COVID-19 Appreciation Pay Not So Appreciated by Workers – Where’s the OT? Albertsons Groceries gave employees an extra $2.00 per hour as an appreciation for coming to work during the initial months of COVID-19 in 2020. However, this gift was not incorporated into the “regular rate” for computing overtime pay. So, a class action has been filed by Albertson employees alleging willful violations of the FLSA, seeking the extra overtime pay plus extra damages. The FLSA requires that bonuses or extra compensation, which is tied to hours worked, must be included as part of the regular rate of pay when computing any OT. Thus, raising the effective hourly rate and the time-and-a-half OT rate. Johnson et al v. Albertsons Companies, Inc. (D. Del, 2021).
Tip Credit Computation. A class action lawsuit has been filed against Buffalo Wild Wings for improper use of the FLSA Tip Credit. The suit alleges the restaurant chain did not properly inform waitstaff of how the tip credit impacted wages, required them to do more than 20% of their time in non-tip qualifying work, and required them to pay for uniforms, pants, shirts and shoes without reimbursement, which lowered their effective pay to below minimum wage. DePalo v. Buffalo Wild Wings, Inc. (N.D. GA, 2021). The Tip Credit/Tip Pooling rules are important for the hospitality industry, but also can be complicated. For more information, see the article, Don’t Get Soaked by Tip Pooling: Key Tip Pooling Issues For Employers by Boardman Clark attorneys Storm Larson & Jennifer Mirus.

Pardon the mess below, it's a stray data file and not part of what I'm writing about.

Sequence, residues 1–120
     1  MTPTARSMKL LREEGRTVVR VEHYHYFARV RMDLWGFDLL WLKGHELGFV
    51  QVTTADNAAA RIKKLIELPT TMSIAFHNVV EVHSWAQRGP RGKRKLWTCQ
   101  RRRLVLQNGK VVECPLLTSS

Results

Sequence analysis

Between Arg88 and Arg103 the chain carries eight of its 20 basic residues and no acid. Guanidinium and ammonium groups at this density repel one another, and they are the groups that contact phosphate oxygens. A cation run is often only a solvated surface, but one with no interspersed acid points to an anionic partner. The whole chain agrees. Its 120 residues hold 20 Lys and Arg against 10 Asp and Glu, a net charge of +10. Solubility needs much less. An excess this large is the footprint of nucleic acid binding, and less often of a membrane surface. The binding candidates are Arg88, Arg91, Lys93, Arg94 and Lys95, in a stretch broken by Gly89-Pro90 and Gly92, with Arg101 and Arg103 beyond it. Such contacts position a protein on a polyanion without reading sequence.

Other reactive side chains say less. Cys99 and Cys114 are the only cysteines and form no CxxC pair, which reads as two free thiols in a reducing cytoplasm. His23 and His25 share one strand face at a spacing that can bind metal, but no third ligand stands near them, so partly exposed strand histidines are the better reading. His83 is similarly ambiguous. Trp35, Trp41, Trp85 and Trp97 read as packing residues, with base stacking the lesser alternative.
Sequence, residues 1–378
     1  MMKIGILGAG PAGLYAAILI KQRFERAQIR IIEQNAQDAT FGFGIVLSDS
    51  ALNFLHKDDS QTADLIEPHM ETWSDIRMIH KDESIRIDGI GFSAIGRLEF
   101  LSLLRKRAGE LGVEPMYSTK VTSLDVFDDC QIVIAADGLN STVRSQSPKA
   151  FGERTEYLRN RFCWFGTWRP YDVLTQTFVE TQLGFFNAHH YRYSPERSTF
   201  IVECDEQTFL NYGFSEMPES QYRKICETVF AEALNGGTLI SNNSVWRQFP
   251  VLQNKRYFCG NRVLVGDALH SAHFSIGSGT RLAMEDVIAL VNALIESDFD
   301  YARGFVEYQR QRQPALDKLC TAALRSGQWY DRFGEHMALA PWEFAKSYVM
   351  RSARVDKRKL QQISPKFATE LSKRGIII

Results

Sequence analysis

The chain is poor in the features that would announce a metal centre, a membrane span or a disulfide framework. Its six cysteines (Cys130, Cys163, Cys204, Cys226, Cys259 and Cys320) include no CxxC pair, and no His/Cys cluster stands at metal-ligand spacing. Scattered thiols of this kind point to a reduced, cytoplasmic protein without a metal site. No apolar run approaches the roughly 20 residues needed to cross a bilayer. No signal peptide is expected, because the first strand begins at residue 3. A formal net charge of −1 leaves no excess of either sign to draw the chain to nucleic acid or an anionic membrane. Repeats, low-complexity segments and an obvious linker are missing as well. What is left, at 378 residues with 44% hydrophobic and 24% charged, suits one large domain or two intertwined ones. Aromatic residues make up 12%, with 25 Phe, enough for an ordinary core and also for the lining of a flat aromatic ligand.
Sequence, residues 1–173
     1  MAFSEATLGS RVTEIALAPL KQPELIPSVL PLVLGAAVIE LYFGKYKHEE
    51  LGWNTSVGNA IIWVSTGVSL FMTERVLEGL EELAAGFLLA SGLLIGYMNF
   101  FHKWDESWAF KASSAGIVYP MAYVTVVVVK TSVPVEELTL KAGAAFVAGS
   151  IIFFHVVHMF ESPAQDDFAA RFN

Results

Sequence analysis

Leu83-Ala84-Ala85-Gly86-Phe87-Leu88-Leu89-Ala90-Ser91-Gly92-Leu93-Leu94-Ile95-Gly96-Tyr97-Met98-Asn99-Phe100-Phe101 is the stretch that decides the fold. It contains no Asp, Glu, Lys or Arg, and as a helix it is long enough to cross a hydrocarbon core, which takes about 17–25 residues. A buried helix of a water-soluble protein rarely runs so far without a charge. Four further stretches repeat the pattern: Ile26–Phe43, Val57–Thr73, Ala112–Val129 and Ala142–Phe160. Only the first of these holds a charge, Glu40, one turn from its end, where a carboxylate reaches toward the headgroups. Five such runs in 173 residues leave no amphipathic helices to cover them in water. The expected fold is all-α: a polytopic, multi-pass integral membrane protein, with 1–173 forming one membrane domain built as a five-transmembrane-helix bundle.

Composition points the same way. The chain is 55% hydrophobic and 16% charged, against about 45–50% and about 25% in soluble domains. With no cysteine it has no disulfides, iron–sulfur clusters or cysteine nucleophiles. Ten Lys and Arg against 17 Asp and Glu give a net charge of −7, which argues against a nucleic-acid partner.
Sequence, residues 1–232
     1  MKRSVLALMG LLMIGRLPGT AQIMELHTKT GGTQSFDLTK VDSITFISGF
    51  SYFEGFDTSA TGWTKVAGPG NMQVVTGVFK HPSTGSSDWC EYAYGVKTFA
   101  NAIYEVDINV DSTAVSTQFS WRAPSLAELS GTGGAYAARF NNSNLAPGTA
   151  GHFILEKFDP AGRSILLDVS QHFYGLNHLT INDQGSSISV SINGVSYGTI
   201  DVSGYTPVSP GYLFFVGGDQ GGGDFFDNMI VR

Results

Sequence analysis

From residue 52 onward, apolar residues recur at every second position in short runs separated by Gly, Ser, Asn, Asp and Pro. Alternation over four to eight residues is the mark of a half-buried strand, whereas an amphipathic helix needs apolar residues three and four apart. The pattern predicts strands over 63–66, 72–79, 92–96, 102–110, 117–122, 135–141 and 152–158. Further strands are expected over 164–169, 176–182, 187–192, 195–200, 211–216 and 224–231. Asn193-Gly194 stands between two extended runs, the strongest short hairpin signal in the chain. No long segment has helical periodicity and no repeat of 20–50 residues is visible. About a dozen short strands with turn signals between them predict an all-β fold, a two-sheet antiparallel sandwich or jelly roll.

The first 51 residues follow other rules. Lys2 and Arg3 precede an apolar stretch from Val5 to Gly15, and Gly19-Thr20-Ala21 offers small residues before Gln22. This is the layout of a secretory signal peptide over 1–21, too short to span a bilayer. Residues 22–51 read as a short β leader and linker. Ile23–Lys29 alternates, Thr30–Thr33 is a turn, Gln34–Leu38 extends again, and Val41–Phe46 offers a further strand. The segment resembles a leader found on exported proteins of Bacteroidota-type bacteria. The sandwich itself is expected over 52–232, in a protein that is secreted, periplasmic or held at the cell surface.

Isometric Test Violated Title VII – Had Disparate Impact for Female Truck Drivers. A trucking company will pay $500,000 and hire applicants rejected by an “arbitrary hiring test” which could not be shown to meet the Title VII “job-related and consistent with business necessity” requirement for pre-employment evaluations. A disproportionate number of female job applicants were rejected due to the CRT Isometric Test of physical strength. Plus, already employed female drivers, with established good performance records, were also let go because they could not meet the CRT Test standards. So, the test weeded out people who could effectively demonstrate they could perform the actual job. Stan Koch & Sons Trucking, Inc. v. EEOC (D. MN, 2021). The EEOC also won another recent case regarding the same CRT Test in EEOC v. Schuster, Inc. (N.D. IO, 2021). Beware if your company uses an invalid test which you purchase from a vendor or consultant. You are liable for any discriminatory results and lawsuits. The test developer, vendor, or consultant has no liability. You pay twice, once to the vendor, then even more in liability for the resulting suits. If you are using such tests or any other pre-employment assessment devices, you should consider having validity assurance from the seller and perhaps an indemnity clause in that contract. [For additional information on this issue, see the article Pre-Employment Testing by Boardman Clark.]